We contested the case and exchanged discovery with the prosecution. Given the evidence, it was questionable whether the prosecution could prove our client operated the vehicle under the influence. The prosecution amended the OVI to a non-moving violation.

Double Jeopardy Violation Results In Dismissal Of DUUI/OVI Case. A caller reported that our client hit a utility pole in “County B” and continued driving. An officer stopped our client in “County A”. A second officer arrived. Following an OVI investigation, our client was charged by the first officer in “Count A”. The OVI charge in “County A” was resolved with a lesser offense. Our client was later charged with OVI in “County B” by the second officer.

It may seem clear our client could not be prosecuted for two OVI charges. The case law, however, is unclear. In some cases, the courts have permitted two prosecution for OVI in two separate counties. In our client’s case, we filed a motion to dismiss which distinguished our facts from the unfavorable cases. The judge agreed with our analysis and dismissed our client’s OVI case in “County B”.

SEPTEMBER, 2020

Faulty Urine Test Leads To Reduction In DUI/OVI With Accident. Our client traveled left of center and hit a parked truck. An officer arrived at the scene and observed evidence of intoxication. The officer had our client perform field sobriety tests, and our client performed poorly. Our client was arrested and submitted a urine sample. While searching the vehicle, the officer found Xanax in our client’s pocket. Our client was charged with OVI, Drug Possession and Failure To Control.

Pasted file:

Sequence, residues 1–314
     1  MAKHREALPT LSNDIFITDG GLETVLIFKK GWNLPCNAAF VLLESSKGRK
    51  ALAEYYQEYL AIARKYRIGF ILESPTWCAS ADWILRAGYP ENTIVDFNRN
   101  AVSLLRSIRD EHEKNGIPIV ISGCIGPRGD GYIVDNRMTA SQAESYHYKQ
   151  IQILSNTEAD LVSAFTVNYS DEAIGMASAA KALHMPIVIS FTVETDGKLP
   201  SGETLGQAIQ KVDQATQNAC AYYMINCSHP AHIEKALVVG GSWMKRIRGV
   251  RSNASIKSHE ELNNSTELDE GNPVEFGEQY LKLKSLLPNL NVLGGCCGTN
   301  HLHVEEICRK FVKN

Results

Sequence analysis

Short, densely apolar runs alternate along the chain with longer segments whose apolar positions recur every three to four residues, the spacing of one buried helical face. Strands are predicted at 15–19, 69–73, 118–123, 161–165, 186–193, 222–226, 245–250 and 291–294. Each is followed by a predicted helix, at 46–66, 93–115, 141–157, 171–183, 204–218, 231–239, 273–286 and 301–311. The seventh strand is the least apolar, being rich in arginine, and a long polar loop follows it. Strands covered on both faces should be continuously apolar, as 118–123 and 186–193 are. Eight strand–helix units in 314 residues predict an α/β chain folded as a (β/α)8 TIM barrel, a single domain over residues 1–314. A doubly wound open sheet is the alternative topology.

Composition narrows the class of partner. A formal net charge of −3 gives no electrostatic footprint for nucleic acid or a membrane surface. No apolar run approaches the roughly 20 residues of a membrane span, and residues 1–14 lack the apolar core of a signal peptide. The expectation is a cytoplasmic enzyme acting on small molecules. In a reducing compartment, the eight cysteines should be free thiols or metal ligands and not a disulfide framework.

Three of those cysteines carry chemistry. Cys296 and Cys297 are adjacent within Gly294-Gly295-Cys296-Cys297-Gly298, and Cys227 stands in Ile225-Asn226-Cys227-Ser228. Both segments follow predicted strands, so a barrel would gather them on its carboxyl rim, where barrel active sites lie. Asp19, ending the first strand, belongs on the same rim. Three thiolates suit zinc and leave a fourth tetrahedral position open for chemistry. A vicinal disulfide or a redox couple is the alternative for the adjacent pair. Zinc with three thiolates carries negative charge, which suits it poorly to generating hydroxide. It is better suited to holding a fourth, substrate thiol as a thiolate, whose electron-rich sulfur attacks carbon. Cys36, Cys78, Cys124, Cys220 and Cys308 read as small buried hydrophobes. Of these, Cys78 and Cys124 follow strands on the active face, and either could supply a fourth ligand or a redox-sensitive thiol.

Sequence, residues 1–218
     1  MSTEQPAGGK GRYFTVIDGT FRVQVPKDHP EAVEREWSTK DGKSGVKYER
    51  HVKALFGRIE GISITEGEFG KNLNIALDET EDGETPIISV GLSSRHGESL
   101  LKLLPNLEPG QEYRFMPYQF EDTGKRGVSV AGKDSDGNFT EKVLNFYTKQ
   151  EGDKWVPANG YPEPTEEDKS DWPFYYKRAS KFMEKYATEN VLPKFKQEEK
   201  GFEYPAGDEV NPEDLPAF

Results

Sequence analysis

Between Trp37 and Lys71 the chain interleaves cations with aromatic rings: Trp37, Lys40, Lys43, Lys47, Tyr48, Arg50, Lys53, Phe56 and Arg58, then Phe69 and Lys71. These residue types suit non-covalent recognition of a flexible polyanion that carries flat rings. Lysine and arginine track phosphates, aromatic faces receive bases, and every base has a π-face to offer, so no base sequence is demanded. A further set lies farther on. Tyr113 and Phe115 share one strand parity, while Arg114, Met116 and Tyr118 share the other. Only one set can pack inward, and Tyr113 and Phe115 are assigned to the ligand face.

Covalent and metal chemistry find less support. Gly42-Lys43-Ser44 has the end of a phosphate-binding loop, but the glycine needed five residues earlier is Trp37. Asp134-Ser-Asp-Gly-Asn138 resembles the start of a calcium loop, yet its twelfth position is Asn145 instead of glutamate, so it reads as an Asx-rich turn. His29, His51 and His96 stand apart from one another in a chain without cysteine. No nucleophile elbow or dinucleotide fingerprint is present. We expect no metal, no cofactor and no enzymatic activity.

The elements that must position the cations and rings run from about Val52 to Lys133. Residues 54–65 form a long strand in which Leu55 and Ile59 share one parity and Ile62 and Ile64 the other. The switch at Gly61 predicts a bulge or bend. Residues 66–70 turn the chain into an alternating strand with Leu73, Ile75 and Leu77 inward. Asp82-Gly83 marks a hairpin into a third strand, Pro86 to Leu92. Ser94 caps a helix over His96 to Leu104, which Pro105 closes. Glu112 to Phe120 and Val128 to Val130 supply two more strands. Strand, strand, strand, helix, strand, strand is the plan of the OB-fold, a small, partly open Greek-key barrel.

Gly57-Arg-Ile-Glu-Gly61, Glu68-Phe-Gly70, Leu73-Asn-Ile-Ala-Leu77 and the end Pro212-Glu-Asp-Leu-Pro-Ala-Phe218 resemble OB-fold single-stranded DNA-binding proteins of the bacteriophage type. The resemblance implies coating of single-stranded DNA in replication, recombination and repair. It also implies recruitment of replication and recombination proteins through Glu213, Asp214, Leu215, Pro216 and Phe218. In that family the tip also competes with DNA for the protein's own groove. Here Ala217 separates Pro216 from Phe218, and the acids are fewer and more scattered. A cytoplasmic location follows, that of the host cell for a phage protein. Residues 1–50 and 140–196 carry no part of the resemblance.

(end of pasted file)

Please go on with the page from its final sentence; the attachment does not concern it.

We pled Not Guilty and reviewed the discovery from the prosecutor. We learned the urine sample did not meet testing parameters, so the urine test would be excluded. The prosecution dismissed the charges of Failure To Control and Drug Possession, and the prosecution amended the charge of OVI to a no-points offense.

High Test DUI/OVI Charge Dismissed In Plea Agreement. Our client was stopped for passing too closely to a public safety vehicle. The officer observed our client had bloodshot/glassy eyes and the odor of alcohol. There was a can of alcohol in the vehicle, and our client admitted to alcohol consumption. The officer administered field sobriety tests and arrested our client. Our client took a breath test, and the result was .240. Our client was charged with Approaching a Public Safety Vehicle Without Caution, OVI ‘impaired’, and OVI ‘per se’ (high test). For the high-test charge of OVI, our client was facing a minimum of six days in jail, plus restricted (yellow) license plates, and an ignition interlock.